Put Down Your Weapon(s)

I feel somewhat qualified to talk about guns. In my family home, there was a glass fronted cabinet that held my father’s guns. Shotgun, rifle, .22 … and hidden away, but not really, a Luger pistol he brought back from WWII. He picked off woodchucks in our cornfield, hunted deer in the fall, brought down pheasant and quail.  Except for the woodchucks, the meat was dressed and cooked by my mother. The family income, with five children, was small enough that adding a side of venison to the freezer did help with feeding us all. But that was not the reason for hunting. My father enjoyed the solitude of the woods on his solo hunts and the camaraderie of his buddies on the annual fall deer hunt in New Hampshire.

I recently stepped back in time for a weekend at the family cottage, where some of my father’s guns now reside in that same cab2016-06-05 10.01.39inet. Overhead on the walls, deer heads. Deer skins, even a small brown bear skin. I resisted the very strong urge to gather them all up and give them a proper burial, asking for their forgiveness. The trophies had nothing to do with feeding hungry families.

Ask people why they have deer heads on their walls and they tell you it’s because they’re such beautiful animals. I think my wife is beautiful, but I only have photographs of her on the wall.  George Carlin

It was my father’s hunting that inspired the opening of my novel NEELIE’S TRUTH. I had told a friend about a time when my father returned from his annual hunt, with a deer. He only did this one time, but on that day, he carried his trophy into our kitchen and laid out the whole animal on the linoleum. Beautiful. And dead. By that time, I was a young teenager. And from that time on, hunting seemed wrong to me. We were not starving for meat. My mother had begun working outside the home. There were two incomes. The deer died because of sport. That deer may even be the head that peers out above the field stone fireplace at the family cottage.

When I shared the deer in the kitchen story with a friend, he looked at me, stunned. You should write about that. So I did–not the deer but the violence in life that we come to accept, without question. While the violence in rural areas is a different breed than what occurs in cities, it is no less disturbing.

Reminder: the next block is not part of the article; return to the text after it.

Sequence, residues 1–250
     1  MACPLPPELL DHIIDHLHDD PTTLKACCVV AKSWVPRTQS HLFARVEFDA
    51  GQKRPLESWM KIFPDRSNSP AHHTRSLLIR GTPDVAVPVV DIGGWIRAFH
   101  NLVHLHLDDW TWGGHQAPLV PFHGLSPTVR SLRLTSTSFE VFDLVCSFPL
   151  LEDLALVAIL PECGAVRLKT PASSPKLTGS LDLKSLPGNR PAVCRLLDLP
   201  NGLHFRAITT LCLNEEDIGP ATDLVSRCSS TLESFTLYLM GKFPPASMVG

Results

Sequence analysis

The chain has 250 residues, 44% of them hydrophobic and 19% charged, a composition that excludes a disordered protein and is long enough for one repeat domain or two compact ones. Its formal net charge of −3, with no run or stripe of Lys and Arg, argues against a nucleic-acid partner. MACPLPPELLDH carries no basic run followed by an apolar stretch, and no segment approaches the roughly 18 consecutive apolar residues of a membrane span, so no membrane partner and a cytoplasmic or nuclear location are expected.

I see the continued use of guns for sport, guns where they are not needed. In homes where children can find and play with them, to disastrous results. Guns in homes, where unstable people turn to the fast solution for their own pain or dissatisfaction with life. Just recently, a Texas mother who killed her daughters, with the illusion to “saving them.”  Or the teenagers who turn on the world that doesn’t seem to accept them.

If Texas or Orlando or Sandy Hook seem far distant, they are not really. Those same guns that were used for hunting only, took a different turn with my younger brother. A troubled adult, he was found with a family gun, threatening to take his own life. He was talked down. We all know that story could have taken a different turn.

There is little point in repeating all the quoted statistics. The U.S. having more guns than any other country. Countries, like the U.K., where police officers do not routinely carry weapons. Australia, where the reduction in guns has shown a reduction in homicides. Then there is the truly hideous side of trophy hunting, for big game, sometimes targeting species who need protection, not decimation.

It’s George Carlin’s wisdom that speaks to me because the level of discourse has no reason. I have friends who believe strongly in the right to bear arms. We will forever choose to disagree on things like automatic weapons, the need for background checks, proper training and licensing.  I start with what I know — the deer did not have to die that day. Nor do the victims of gun violence. 2016-06-04 17.28.06

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